Publisher's Note
Table of Contents

Forestry: People and Places
Dennis Richardson



booksf1_small.jpg (6431 bytes)In the late nineteenth century my grandfather, James Mountford, was, unusually, employed as a private sector evangelist serving to salve the conscience and save the taxes of a wealthy backslider. I have never heard of another. In the tradition of John Wesley, who had been ejected from the Church of England for open air preaching, and a group called the Primitive Methodists, he travelled the highways and byways of Staffordshire on horse and donkey, delivering fundamentalist sermons. He preached powerfully, extolling, inter alia, the delights of Abraham’s bosom and the evils of Bagatelle. That he was successful is indicated by the fact that several of his tracts were published, and, in my teenage years, they gave me much pleasure - not so much for their content as for their use of the English language - resulting in my lifelong respect for the authorised King James version of Holy Writ. I cannot hope that my own grandchildren will come to a similar state of respect because of anything which I may write, but if I can communicate some purposes of language which go beyond the mere provision of basic information I will be well satisfied. The pieces published here have given me pleasure in their preparation and I hope they may have the capacity to entertain others.

It was said of Joseph Addison that he "transformed the essay into a civilising force, an engine against coarseness and pedantry. What he lacked in depth he made up for in a range of interests and his keenness of observation. He taught his readers to appreciate the middle ground of human nature, and fashion the perfect prose style for the purpose." (Gross 1991)

Essays are enormously varied and may be written about every subject under the sun. They share the virtues of informality and independence. Aspiring essayists might take as a motto the heading under which George Orwell used to contribute his weekly essay to "Tribune", and the sub-title I have presumed to give the first part of this book – "I Write as I Please".

It is implied that what I write pleases me too. This is not something that can be said of all the 250 research papers and consultancy reports to which I have appended my name. I have considerable sympathy with the swashbuckling scientist, Sir Peter Medawar, who gave a broadcast on the BBC Third Programme in 1963 under the title "Is the scientific paper a fraud?" He argued that the inductive format of the scientific paper gives a misleading narrative of the thought process that goes into making discoveries; that the discussion which traditionally comes last should in fact be presented first, and that the scientific facts and acts should follow it. Nor should we be ashamed to admit that hypotheses appear along uncharted byways of thought, that they are imaginative and indeed adventures of the mind. I have never had the courage to do this – nor the scientific status that would enable me to get away with it if I did. Some of the pieces offered here may be a surrogate for my deficiencies.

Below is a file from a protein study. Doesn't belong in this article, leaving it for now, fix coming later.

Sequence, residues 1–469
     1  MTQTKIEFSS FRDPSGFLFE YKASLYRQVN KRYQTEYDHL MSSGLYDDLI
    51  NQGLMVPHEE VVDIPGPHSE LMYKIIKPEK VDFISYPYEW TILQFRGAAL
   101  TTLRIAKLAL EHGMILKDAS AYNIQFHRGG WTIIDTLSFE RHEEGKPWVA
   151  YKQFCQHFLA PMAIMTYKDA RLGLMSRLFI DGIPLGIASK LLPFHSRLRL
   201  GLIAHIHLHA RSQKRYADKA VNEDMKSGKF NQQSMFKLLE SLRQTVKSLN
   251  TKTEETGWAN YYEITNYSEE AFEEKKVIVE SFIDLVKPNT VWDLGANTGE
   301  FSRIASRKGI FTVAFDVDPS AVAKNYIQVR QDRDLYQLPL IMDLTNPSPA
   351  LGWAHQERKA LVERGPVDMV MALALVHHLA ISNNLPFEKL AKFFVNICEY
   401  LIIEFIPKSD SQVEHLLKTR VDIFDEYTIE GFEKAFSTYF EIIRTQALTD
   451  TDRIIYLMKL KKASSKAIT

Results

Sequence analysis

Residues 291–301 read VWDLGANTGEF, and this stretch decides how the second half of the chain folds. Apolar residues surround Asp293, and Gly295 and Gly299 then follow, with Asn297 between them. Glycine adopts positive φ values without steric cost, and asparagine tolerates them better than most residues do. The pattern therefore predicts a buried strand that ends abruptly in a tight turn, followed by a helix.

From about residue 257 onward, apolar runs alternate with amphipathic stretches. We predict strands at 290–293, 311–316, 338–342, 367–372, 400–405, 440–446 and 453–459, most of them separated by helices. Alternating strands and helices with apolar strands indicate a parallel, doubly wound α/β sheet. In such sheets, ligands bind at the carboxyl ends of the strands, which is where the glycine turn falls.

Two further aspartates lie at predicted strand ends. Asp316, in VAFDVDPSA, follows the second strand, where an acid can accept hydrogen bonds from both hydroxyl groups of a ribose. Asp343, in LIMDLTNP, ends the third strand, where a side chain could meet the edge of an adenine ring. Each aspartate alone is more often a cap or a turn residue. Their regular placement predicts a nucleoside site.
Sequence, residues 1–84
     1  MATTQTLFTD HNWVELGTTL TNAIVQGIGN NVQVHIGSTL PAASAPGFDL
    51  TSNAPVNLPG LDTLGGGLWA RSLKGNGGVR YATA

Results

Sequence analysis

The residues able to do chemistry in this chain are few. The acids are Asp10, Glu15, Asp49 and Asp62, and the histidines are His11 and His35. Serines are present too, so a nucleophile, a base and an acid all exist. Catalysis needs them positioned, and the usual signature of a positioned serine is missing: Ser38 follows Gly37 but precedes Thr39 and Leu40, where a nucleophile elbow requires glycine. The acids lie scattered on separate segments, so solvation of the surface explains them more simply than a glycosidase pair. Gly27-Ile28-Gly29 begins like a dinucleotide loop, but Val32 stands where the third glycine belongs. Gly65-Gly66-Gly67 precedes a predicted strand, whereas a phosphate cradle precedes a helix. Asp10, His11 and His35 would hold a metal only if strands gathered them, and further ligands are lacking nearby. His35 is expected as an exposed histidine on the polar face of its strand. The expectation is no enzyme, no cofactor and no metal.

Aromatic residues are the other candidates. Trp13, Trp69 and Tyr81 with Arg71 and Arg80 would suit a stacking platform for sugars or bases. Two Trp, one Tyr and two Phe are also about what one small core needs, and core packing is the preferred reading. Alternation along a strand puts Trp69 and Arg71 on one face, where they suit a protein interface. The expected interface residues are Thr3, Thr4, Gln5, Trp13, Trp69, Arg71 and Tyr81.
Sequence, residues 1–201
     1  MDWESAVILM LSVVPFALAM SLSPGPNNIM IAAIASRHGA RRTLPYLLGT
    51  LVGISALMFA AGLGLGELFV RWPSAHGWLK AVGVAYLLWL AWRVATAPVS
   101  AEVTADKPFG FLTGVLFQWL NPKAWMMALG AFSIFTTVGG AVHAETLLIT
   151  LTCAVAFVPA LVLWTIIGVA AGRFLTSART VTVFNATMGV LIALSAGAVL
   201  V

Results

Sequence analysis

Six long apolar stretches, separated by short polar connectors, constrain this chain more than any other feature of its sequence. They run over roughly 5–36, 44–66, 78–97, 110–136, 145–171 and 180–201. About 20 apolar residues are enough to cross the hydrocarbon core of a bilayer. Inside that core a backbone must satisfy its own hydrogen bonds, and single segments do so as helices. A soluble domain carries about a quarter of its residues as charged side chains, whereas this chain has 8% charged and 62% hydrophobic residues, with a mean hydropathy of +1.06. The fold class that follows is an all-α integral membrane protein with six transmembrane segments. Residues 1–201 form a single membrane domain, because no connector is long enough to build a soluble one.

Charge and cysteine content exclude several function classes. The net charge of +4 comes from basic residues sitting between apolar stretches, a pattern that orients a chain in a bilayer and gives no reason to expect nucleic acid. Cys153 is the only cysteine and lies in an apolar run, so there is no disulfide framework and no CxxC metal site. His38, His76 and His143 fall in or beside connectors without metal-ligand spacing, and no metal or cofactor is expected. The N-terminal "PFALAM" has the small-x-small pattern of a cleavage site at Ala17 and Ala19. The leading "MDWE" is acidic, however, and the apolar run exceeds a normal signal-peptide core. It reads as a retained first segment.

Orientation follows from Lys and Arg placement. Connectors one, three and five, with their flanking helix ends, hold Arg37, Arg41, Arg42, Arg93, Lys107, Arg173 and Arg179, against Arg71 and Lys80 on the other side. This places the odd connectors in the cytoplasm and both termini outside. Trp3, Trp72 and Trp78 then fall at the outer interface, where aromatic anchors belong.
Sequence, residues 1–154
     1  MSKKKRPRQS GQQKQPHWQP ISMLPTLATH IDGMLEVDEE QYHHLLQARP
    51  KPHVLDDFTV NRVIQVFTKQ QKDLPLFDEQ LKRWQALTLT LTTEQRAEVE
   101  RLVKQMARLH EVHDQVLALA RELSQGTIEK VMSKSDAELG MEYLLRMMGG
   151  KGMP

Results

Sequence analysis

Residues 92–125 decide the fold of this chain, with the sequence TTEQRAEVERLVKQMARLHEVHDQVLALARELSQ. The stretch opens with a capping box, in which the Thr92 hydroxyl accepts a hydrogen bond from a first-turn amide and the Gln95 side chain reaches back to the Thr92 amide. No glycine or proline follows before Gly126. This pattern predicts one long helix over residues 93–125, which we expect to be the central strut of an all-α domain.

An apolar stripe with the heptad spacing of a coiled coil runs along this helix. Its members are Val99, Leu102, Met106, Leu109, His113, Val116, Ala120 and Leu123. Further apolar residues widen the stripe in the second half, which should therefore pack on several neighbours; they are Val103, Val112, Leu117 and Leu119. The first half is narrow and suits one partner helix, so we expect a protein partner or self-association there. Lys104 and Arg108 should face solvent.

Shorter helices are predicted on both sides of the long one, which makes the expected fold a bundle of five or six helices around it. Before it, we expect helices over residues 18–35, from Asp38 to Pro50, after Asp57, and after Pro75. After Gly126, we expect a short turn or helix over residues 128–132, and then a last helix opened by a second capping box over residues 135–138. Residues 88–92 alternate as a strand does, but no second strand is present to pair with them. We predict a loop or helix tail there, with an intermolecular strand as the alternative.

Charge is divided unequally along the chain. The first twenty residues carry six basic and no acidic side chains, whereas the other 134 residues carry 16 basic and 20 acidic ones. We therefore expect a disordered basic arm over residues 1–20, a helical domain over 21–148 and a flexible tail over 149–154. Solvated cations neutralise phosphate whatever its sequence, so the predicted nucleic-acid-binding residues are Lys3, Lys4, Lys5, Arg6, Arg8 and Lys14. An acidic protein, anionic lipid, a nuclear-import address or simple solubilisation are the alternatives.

Opportunities for the publication of essays have never been greater and, in a report written in 1986, I deplored the reluctance of scientists to use the popular media more effectively to communicate their findings in readable English. Increasing public awareness of issues and options in science is a feature of the last decade or so. It was triggered by the technological quantum leap of space travel but, more recently – perhaps as a reaction – is manifest as a burgeoning demotic interest in things biological. This interest feeds on the television photogenicity of biological subjects, but the medium of communication is not limited to television. There is a range of glossy magazines serving semi-captive audiences which did not exist 30 years ago – airline passengers, credit-card holders, hotel visitors, city dwellers (who demand a different kind of parish magazine), company employees (house magazines), etc. All of them publish feature articles – often not closely connected with the apparent common interest of the reader groups; all of them from time to time treat bio-technological subjects and issues.

The book is divided into three parts. The first section comprises a series of short essays, published (or not) in a variety of journals and other media in the changing tradition of the essay. The second part separates some larger and more formal submissions from my professional career, dealing with Education and Research: and the third part of the book comprises presentations, of which only two ("Innovation and Prosperity" and "Learning from China") have been formally published; the others are lectures, serious of purpose but not without elements of controversy.

Dennis Richardson

Southern Hemisphere Forestry

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